One of the most beautiful and classic long-distance hikes in the world, the Annapurna Circuit in Nepal continues to be a very popular trek. The circuit can take anywhere from 12 to 21 days to complete.
A Stay in Kathmandu
Many trekkers who come for the Annapurna Circuit start and end their trips in Kathmandu, the capital of Nepal. Located 200 km (or 125 miles) from Pokhara, where the circuit ends, plan to spend a few days both before and after the trek in this city, which is teeming with life, architecture, and culture.
The Annapurna Massif
Named after Annapurna, goddess of nourishment and food, she was supposedly the daughter of a mountain king. This massif has one peak that stands over 8,000 meters tall, along with over 29 additional peaks ranging from 6,000 to 7,000 meters tall. The Annapurna Massif meets with the Kali Gandaki Gorge, which is the deepest gorge in the world and what separates Annapurna from Dhaulagiri.
The Annapurna Circuit travels around this massif and covers anywhere from 160 to 230 km (or about 100 to 140 miles). Because it’s a loop, there’s no viewing the same sites twice, and there are many opportunities along the way for detours or day trips.
Timing is Everything
Thanks to Nepal’s mountain climate, there are certain times of year that are better for doing this circuit, particularly for beginners. April, May, October, and November are the best months because the weather is clear, dry, and not too cold.
Some prefer to make the trek between December and March, which offers equally spectacular views and clear skies, but be prepared for much colder weather and a thicker covering of snow.
While porters will carry some of your gear, pack too much and the rest is up to you to carry. Warm jackets, medicine, and a good sleeping bag are must-haves. Everything else can (and should) be left in Kathmandu. You can purchase much of whatever you might need (including food) along the route.
Teahouses are dotted all along the Annapurna Circuit and are known for being welcoming and hospitable. Expect delicious, home-cooked foods like dal bhat and garlic soup (a common local remedy for altitude sickness). Apple pie is another common offering, thanks to the orchards that abound in the villages along the trail.
Be Prepared to Purify Water
Nepal remains relatively untouched by modern conveniences, lacking waste disposal systems and being easily flummoxed by discarded plastic water bottles. It’s best to bring a reusable water bottle, as many villages offer purified water drinking stations. Water purification tablets are also recommended, as is drinking hot water or tea in the evenings when lodging for the night.
Thorong La Pass
This is the most difficult portion of the trek. The day will start early and involves steep ridges. Be wary of altitude sickness, as this pass reaches nearly 18,000 feet.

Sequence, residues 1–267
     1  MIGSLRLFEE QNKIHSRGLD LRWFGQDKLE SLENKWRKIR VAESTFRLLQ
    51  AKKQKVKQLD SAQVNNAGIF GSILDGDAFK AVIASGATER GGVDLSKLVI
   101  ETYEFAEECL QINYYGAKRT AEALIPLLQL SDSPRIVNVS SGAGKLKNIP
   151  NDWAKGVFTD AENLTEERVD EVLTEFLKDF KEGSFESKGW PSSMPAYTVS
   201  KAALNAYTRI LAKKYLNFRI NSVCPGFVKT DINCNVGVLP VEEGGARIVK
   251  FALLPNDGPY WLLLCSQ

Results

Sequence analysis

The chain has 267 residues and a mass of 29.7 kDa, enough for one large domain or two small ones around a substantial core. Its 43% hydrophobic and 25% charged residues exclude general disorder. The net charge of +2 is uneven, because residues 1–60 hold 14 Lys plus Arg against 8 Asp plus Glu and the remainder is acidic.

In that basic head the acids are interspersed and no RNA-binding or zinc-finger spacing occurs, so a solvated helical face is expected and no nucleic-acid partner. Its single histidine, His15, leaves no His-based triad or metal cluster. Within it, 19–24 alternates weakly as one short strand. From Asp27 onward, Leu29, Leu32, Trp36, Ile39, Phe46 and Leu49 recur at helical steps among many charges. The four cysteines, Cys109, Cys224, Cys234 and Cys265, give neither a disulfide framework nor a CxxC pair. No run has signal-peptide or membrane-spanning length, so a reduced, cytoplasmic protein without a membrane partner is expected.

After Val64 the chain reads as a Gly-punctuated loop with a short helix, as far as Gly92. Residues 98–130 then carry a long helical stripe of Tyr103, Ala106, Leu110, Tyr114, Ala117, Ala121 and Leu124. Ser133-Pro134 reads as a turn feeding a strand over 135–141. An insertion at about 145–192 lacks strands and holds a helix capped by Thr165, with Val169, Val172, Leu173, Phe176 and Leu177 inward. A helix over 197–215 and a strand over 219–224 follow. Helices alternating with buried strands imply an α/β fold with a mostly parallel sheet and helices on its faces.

More than Mountains
This circuit offers hikers more than just stunning mountain views. There’s a little bit of everything, from jungles with monkeys to terraced rice fields, deep canyons, and patches of towering pine trees. Of course, most hikers come for the views of the Himalayas and the thrill of crossing Thorong La.
Expect Lots of Company
The Annapurna Circuit is much more like a country club than a palace of solitude. Upwards of 40,000 visitors complete the trail each year. It’s a great opportunity to make new friends and share stories each night at the teahouses. Some hikers have likened the amount of traffic to hiking during rush hour, so be patient. You may pass other groups, and at times, other groups may pass you.
A Living Circuit
This trail isn’t some ancient, abandoned pass that is now enjoyed for its beauty. Rather, it’s a living, breathing thing frequently used by the locals to transport food and supplies. The route is dotted with thriving villages. There are many opportunities along this circuit to catch a glimpse of native Nepalese life and traditions.
Take in the Sights
There are many things to see along this trek.
- Yak pastures
- Hot springs at Tatopani
- Jomsom (part of Mustang)
- Pokhara (many hikers choose to spend a day here)
- Views of Thorung Peak, Chulu West and East, Dhaulagiri, Annapurna II and IV, Mt. Annapurna, Nilgiri, and Tukuche Peak
- Manang District (worth a day of exploration)
- Waterfalls, glaciers, lakes, and gorges
- Muktinath (a sacred site for Buddhists and Hindus and a great place to catch a glimpse of a ceremony or ritual)
One option for those completing the Annapurna circuit is to do a side trip to the Annapurna Sanctuary. While this hike can be completed separately, it can also be completed as an add-on to the circuit. It features Gurung, rhododendron forests, and snow-capped peaks.